Side Effects of Hookah Smokers

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Hookah smoking is often thought to be safer than smoking cigarettes, however it may be equally or more dangerous.
Hookah smoking is often thought to be safer than smoking cigarettes, however it may be equally or more dangerous. (Image: hookah image by Dmitri MIkitenko from Fotolia.com)

The hookah (also known as the narghile) is a smoking implement which cools and filters smoke by passing it through a quantity of water. It is typically used to smoke a flavored tobacco blend known as shisha. The hookah originated in India but has been gaining popularity in other parts of the world, such as the Middle East, Europe and North America.

Function

Hookahs, though different in size, shape, and number of hoses, all work in the same way. The tobacco blend or smoking herb is placed in the bowl atop the apparatus. The smoking substance is heated by a special hookah coal that burns slowly and consistently to provide a smoking experience with a long duration. The smoke is pulled down through the down stem into the chamber, where it bubbles up through the water in the hookah. It then is inhaled through one of the tubes by a hookah smoker. Hookahs utilize the same principal as water pipes, as they cool and (to a degree) filter smoke.

Lung Irritation

Due to water filtration, hookahs are not particularly irritating to the lungs of the smoker. As the smoke passes through the water in the chamber, it is cleaned of particulate matter (such as ash or small bits of unburned material). Additionally, the water has a cooling effect on the smoke. These factors combine to provide a "smoother" smoke to the user. Users therefore don't typically have coughing fits, and hot ash doesn't get sucked into the mouth or lungs.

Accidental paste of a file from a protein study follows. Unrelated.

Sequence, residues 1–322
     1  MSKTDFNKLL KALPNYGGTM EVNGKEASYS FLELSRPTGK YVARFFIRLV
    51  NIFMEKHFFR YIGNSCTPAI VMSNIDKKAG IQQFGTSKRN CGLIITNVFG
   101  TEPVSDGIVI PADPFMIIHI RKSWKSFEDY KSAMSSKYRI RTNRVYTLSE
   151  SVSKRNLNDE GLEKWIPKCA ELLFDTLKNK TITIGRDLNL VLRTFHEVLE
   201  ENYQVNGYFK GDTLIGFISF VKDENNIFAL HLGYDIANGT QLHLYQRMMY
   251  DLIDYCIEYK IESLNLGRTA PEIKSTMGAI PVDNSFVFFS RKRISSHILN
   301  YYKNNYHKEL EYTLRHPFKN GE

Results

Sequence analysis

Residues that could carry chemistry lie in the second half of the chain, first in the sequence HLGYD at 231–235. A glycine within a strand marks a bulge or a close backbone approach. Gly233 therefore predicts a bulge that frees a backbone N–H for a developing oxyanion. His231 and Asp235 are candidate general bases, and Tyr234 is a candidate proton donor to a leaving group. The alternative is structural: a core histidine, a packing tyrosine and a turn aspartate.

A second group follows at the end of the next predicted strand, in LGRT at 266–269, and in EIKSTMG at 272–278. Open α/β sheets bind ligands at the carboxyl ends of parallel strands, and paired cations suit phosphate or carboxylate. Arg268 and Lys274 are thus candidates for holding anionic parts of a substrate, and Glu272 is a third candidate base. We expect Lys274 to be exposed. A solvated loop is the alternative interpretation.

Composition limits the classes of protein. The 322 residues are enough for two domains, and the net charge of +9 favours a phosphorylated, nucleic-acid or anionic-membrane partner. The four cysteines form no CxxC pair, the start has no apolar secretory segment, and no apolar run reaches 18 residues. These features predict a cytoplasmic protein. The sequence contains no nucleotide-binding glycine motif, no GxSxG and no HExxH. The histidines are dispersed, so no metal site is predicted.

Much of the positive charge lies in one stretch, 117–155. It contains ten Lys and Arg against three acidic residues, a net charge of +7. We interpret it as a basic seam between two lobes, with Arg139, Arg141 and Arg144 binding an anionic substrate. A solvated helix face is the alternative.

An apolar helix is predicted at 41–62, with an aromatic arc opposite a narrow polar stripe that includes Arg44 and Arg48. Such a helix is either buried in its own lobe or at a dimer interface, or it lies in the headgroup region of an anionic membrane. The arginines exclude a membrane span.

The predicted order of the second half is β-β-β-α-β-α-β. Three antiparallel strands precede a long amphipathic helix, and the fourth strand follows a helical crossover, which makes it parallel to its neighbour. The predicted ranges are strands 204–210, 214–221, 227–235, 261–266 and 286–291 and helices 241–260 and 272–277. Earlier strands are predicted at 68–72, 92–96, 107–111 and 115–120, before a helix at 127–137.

Carcinogens

Hookah tobacco usually only consists of pure tobacco, flavoring, sugar and glycerin. This stands in contrast to cigarettes, which are known to contain more than 600 additives, many of which are carcinogens. Therefore, hookah smokers tend to receive less carcinogens than cigarette smokers, not because of the hookah itself, but because of the quality of the tobacco being smoked. However, all smoke contains carcinogens, and tar is not water-soluble, so hookah smokers will still receive a fair amount of carcinogens, and a significant amount of tar.

Carbon Monoxide and Nicotine

Hookah smokers also expose themselves to the dangers of carbon monoxide and nicotine. Due to the fact that hookahs are typically smoked in long sessions, lasting 45 minutes or more, hookah users consume a very large amount of smoke each time they smoke. One session of hookah smoking releases approximately the same amount of carbon monoxide as an entire pack of cigarettes. High amounts of carbon monoxide have been linked to cardiovascular disease. Nicotine levels in hookah tobacco, on the other hand, are low in comparison to other types of tobacco. However, the amount smoked per session means that hookah smokers take in more nicotine in one session than other tobacco users.

Other Health Effects

Due to the cultural phenomenon of "hookah bars" (establishments where hookah smokers can convene and smoke), there is an additional health effect that is not immediately obvious. In hookah bars, hookahs often are provided by the establishment, meaning that many hookah smokers will use the same equipment in a short period of time. Due to sharing hookah hoses, hookah smokers are exposed to viruses and other common contagious diseases from other hookah smokers. This is preventable, however, if the hookah smoker takes care to bring his or her own hookah and always sterilizes the mouthpieces before and after each session.

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